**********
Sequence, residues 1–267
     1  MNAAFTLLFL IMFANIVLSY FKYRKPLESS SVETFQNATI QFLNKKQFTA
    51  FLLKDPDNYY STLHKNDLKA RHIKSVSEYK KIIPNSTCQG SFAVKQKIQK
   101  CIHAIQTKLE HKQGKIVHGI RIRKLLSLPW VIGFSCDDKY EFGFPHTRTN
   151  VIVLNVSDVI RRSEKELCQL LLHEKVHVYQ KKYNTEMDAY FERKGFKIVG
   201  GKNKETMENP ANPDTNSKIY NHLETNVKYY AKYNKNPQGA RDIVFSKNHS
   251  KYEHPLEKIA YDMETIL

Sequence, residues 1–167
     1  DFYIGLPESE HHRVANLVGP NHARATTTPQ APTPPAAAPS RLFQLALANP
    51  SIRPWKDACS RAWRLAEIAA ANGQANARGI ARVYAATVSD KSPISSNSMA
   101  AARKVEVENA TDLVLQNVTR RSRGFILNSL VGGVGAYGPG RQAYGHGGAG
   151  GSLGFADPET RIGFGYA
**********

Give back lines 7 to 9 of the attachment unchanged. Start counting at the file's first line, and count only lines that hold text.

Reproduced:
   251  KYEHPLEKIA YDMETIL

Sequence, residues 1–167
     1  DFYIGLPESE HHRVANLVGP NHARATTTPQ APTPPAAAPS RLFQLALANP